Brutal killing of a samba ‘queen’ exposes dark world behind the glitter of carnival


Tourists love Brazil’s glamour, but the murder of a transvestite has revealed the drug gang violence and transphobia below the surface.

Dancers from the Beija-Flor samba school
Dancers from the Beija-Flor samba school, to which Piu belonged, perform in Rio’s Sambadrome during carnival. Photograph: Sergio Moraes/Corbis

In the flurry of blue and white that lit up Rio de Janeiro’s vast Sambadrome last week, black bands could be spotted on some of the wrists of those who marched to the driving beats.

It was an uncharacteristically sombre touch for the prestigious Beija-Flor samba school, 12 times winners of the city’s carnival parade, whose symbol is a gigantic hummingbird. The black bands worn at a rehearsal for the carnival, which begins on Friday, were a tribute to a dancer who had been killed the week before.

Claudio da Silva, 25, a transvestite who lived as a woman and was known by the name Piu to those in the school where she danced, had often joked to the “queen of the drums”, Raissa de Oliveira, that she would one day steal her crown and take her place as the most prominent woman in Beija-Flor’s parade. That ambition was never to be realised as Da Silva’s tortured corpse was discovered on 23 January, a few weeks before the carnival.

It was a murder that provided macabre confirmation of Brazil’s homophobia and transphobia problem, as well as shining a light on the criminal underworld that lurks behind the happy-go-lucky carnival facade.

The alarm had first been raised the week before, when Da Silva failed to turn up for a rehearsal at the samba school’s quadra, or main hall – she never missed a practice, so her relatives and friends became concerned.

Next day a shocking video surfaced on social media, purporting to show her being tortured to death in a nearby favela known as Morro da Mina. Da Silva lived in the neighbouring district of Anchieta, which is close to both the samba school headquarters and Morro da Mina.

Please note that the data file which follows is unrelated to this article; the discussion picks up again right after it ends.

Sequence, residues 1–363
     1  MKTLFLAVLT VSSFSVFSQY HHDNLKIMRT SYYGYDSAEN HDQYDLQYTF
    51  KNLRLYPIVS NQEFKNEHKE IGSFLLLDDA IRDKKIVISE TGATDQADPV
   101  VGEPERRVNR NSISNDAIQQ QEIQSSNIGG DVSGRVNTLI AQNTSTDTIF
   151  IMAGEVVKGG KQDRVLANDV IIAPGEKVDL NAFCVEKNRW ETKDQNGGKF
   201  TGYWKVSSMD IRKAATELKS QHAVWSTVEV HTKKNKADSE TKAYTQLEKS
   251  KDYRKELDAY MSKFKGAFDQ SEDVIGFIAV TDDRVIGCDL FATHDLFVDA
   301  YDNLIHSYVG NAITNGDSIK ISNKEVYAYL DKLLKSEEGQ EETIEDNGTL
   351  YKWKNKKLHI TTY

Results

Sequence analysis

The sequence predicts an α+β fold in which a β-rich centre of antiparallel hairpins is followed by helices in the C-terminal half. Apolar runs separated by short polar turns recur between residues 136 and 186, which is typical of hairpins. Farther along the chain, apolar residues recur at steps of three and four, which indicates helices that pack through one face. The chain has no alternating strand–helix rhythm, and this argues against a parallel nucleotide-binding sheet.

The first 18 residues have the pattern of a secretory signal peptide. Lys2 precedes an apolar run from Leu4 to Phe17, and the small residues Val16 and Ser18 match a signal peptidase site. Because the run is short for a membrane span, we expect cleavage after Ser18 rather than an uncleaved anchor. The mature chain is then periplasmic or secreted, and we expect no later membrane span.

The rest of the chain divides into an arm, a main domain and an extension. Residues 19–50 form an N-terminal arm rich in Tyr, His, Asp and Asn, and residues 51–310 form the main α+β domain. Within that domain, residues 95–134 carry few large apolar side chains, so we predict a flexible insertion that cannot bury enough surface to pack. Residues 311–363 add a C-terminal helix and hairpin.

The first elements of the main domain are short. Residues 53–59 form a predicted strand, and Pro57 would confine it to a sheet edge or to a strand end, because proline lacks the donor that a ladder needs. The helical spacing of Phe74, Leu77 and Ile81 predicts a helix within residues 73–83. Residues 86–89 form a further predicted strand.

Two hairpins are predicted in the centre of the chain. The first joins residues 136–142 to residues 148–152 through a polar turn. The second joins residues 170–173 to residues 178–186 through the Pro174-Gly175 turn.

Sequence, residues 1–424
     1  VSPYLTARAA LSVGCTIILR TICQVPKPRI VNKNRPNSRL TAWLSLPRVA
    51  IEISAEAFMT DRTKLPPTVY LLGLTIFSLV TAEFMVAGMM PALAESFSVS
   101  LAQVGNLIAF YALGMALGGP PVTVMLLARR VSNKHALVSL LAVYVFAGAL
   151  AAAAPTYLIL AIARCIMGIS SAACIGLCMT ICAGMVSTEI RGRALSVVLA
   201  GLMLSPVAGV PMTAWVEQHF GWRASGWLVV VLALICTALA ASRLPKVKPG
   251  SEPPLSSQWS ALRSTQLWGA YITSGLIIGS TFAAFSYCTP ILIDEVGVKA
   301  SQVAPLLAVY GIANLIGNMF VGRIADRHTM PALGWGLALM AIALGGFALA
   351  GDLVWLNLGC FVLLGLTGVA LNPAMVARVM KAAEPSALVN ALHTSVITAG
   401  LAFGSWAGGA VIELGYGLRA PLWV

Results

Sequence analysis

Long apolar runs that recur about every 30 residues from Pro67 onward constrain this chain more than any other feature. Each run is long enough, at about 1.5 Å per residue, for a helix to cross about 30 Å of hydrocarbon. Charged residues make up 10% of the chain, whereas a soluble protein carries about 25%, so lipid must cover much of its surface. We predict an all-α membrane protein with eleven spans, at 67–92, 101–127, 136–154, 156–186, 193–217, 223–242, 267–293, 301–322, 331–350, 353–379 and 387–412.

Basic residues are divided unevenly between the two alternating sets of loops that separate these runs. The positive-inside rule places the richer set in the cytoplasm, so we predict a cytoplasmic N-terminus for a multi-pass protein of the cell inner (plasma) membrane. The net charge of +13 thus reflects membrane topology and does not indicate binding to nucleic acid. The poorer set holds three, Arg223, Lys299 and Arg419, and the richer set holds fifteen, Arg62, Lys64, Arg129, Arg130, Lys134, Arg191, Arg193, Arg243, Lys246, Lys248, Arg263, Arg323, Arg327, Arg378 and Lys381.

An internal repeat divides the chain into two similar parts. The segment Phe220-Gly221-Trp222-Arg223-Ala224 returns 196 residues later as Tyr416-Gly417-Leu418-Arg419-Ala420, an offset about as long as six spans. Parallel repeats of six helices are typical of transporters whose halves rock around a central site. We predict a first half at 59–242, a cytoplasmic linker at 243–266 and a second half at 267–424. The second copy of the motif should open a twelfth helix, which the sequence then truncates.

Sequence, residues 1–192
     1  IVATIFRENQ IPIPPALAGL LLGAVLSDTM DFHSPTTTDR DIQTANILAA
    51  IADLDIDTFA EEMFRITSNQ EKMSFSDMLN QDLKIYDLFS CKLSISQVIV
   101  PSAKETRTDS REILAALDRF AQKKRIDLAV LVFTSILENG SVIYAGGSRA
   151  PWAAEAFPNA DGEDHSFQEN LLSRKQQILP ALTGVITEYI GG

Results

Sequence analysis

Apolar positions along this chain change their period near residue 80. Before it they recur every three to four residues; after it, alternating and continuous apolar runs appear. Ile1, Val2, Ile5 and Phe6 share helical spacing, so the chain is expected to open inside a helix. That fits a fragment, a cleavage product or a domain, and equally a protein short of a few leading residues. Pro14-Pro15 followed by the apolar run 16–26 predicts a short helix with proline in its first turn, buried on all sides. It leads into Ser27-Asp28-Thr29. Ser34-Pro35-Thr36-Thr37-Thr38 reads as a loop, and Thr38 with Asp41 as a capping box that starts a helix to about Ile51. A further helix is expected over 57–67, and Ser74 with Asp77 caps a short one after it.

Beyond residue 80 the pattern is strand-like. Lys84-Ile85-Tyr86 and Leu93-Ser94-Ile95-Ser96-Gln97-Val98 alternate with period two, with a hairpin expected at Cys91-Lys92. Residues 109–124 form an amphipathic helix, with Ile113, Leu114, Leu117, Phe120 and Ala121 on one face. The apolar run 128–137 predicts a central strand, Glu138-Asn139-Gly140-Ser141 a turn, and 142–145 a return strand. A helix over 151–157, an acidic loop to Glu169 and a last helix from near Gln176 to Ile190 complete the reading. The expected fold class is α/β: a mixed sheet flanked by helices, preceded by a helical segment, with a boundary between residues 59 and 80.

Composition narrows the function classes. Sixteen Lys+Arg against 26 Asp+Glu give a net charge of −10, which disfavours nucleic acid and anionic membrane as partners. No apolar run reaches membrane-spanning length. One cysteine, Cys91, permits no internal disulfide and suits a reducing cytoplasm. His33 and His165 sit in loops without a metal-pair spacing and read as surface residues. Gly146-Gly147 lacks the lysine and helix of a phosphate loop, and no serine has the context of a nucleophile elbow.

The footage showed Da Silva pleading with unseen aggressors while they grilled her about what she was doing there. Her face and body were already covered in blood. Frantic relatives searched the area after the video was released and found her body, disfigured and riddled with bullets. There has since been wild speculation about what caused her tragic death.

The most obvious motive appeared to be transphobia. The world of carnival is defined by its high camp, and in recent years a gay soap actor had appeared on a strawberry-scented float to rapturous applause. Men dressed as women fill the streets of Rio as part of the celebrations.

Yet homophobia is also entrenched in Brazil, with one gay, trans or bisexual person killed on average every 28 hours. Some of the online comments seemed to back this up, condemning the wristband homage and using derogatory homophobic slang such as bicho (animal) to describe Da Silva.

On 29 January, six days after Da Silva’s body was found, a National Trans Visibility day was held in Brazil, with transvestites and transsexuals descending on Rio’s city hall to raise awareness of violence and prejudice against trans people.

Beatriz Cordeiro, 28, from Projeto Damas, which works to get trans people into employment, said: “Foreigners come to carnival expecting free sex and love, but the image Brazil exports of freedom and liberty is false. There is a lot of prejudice in society still.”

Murders of transsexuals and transvestites are common, with 312 trans, gay or bisexual people murdered in 2013, according to a report by Grupo Gay da Bahia, Brazil’s most established gay rights group. There were clues, however, that other motives could also have contributed to Da Silva’s murder – ones related to the organised crime that is pervasive in places like Morro de Mina. One indication was the wall of silence that greeted her death from many quarters.